Today many Presbyterian bloggers are joining to write about their thoughts and musings about poverty. Go to http://www.bloggersunite.org/event/presbyterian-bloggers-unite-poverty to read more blogs. The following is my contribution.
The best way I can write a short article about the relationship of the church to issues of poverty is to share a part of my own faith journey.
The seeds of my own call to ordained ministry were planted when my parents moved my family in the mid 70’s from rural Minnesota to live in Inner-City Kansas City, Kansas. My dad took a sabbatical from teaching and worked with my mom as a Volunteer in Mission for the Presbyterian Church for a social service agency in Kansas City called Cross Lines. We lived in Kansas City for almost two years.
An important part of this move was the preaching of our local Presbyterian pastor. He had been encouraging our white, rural congregation to follow Jesus by helping the poor. Our congregation wasn’t ready for his message and subsequently fired him as the pastor. However his preaching touched my parent’s hearts—and they were willing to uproot my family to serve the poor in Kansas City.
Up until that time all I really cared about was the plight of sports stars Harmon Killebrew and Fran Tarkenton. In Inner-City Kansas City I saw and experienced a completely different world—one of visible poverty. My family lived near two housing projects, had to lock our doors at night, and saw dilapidated houses and garbage strewn in the street. I went to school with children who had a different skin color than mine and had to worry about gangs in the school.
What I saw in Kansas City caused me to question why people had to be poor.
My family frequently visited friends of my parents who lived in Johnson County, Kansas, one of the richest counties in the United States. My fourth grade mind couldn’t wrap itself around the concept of why there was so much money in Johnson Country and why there was so little money in the neighborhood where my family lived. I couldn’t understand how people could live so well in Johnson County while so much poverty existed in the neighborhoods where I lived. How could they sleep at night? Why didn’t these people do more to help?
These questions changed the direction of my life.
At the time I believed that the solution to poverty was the abolishment of money. To my young mind this made sense—people who lived in Johnson County had money; the people in my neighborhood didn’t have money—why don’t we abolish money? I wrote letters to my congressman saying that the solution to poverty was the abolishment of money.
I didn’t get very far with that idea—but I came away from my experience in Kansas City with the belief that the solution to poverty partly lies in the hearts of the wealthy. How willing are we willing to help and serve? How great is our compassion and willingness to sacrifice?
I went on to serve as a labor organizer for the United Farm Workers in California and a community organizer for A.C.O.R.N on the south side of Chicago and in low income neighborhoods of Mineapolis/St. Paul. From these experiences I came to believe that poverty can’t be sufficiently addressed unless people who have resources are helping and serving people who don’t have resources. Poverty won’t be sufficiently addressed unless the church plays a leading role in helping, serving, sacrificing, and advocating for justice.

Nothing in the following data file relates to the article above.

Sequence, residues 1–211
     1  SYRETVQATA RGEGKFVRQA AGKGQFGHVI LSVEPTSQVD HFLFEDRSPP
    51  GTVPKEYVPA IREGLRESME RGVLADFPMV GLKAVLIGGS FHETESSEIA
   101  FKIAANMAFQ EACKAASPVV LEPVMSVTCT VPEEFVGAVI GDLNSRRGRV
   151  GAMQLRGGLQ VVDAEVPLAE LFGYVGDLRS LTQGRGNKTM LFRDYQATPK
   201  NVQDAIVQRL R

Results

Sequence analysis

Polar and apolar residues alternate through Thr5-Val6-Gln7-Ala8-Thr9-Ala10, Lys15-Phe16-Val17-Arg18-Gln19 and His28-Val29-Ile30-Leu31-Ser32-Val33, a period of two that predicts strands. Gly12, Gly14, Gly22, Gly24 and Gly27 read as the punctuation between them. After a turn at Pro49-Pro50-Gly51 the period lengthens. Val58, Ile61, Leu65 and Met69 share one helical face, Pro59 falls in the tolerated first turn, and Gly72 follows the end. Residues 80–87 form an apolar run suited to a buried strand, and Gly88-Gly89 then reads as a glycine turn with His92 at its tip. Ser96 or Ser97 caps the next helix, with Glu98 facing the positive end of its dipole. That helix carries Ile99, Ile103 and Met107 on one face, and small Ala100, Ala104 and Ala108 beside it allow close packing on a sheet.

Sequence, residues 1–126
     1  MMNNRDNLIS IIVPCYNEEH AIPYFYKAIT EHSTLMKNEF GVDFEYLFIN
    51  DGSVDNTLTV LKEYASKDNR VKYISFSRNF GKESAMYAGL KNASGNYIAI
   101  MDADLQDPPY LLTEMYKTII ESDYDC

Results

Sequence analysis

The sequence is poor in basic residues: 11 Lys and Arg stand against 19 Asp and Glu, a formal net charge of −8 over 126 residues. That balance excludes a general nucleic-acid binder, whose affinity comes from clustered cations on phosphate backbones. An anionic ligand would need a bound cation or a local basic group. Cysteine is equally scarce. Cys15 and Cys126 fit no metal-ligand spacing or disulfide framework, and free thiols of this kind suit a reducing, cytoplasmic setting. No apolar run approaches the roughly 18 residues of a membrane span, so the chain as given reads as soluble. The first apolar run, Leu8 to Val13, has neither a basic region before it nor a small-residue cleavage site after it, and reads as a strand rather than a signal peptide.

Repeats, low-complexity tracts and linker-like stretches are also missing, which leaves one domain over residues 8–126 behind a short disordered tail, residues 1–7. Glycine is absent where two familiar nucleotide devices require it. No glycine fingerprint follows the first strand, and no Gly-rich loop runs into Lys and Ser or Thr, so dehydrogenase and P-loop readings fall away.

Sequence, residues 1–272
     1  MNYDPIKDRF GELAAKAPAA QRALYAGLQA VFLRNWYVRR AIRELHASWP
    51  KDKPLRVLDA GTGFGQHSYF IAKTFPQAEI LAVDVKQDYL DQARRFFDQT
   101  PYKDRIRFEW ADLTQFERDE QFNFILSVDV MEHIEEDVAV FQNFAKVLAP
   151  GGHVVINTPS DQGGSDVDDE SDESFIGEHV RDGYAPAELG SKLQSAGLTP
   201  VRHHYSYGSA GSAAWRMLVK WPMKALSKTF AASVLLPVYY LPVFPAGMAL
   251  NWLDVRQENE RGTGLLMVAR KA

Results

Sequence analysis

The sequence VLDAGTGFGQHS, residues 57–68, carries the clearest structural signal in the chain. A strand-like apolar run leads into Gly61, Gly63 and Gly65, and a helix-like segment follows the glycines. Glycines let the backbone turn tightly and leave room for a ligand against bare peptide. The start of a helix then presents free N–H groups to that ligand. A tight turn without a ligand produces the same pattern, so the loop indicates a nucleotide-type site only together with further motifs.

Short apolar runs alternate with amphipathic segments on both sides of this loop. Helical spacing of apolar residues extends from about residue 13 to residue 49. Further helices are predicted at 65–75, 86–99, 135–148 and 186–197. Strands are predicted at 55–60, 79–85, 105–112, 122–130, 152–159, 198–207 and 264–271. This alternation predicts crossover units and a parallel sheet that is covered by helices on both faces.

The existence of poverty challenges the heart and compassion of wealthy folks—really the character of our faith. Jesus was very clear in his teaching that when we help those who are hungry, thirsty and without clothes we do it to him. Our willingness to help is a reflection of our own service to Jesus.
A key point—which is often missed in discussions about poverty—is those of us who are wealthy help and serve not only for the benefit of the poor, but for our own benefit. Our willingness to serve is a direct reflection of the compassion and mercy of our own hearts.
I find Jesus’ teaching so powerful and so eternally relevant for the church. We who have means help not only to help the poor. We help and serve so a community is formed between the classes. We who help and serve are changed in the process—and continue to become the people God desires for us to be. We take steps towards becoming complete Christians through our service.
I’ve been involved with many efforts at helping the poor through the church. As a youth director in a Presbyterian church in Long Island I led a Bible Study on justice that led the group to start a soup kitchen. As a pastor in a small town in Minnesota I helped the churches start a Migrant Council. Our town had an influx of Hispanic workers from Texas come in the summer who were largely invisible to the wider community. Our Migrant Council was able to hire a Hispanic social worker who could directly help people.
The church has an unique role to help those who are poor. We can serve and help through education, direct service, financial giving, advocacy, work for justice, mission trips—the list of ways to help and advocate is endless. Our service must always be a reflection of Jesus’ care and compassion. If our help and service is not rooted to his character, then we’ve lost the rich spiritual power of our leader.